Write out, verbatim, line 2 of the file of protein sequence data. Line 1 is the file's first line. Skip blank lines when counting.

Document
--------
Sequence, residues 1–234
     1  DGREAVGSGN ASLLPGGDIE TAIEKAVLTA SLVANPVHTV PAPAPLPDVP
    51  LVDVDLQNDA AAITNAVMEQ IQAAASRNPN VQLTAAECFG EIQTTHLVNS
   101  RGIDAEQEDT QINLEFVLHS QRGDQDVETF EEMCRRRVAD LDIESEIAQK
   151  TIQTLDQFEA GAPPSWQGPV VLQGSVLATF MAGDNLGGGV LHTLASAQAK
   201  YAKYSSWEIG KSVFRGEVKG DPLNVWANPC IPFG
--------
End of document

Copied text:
     1  DGREAVGSGN ASLLPGGDIE TAIEKAVLTA SLVANPVHTV PAPAPLPDVP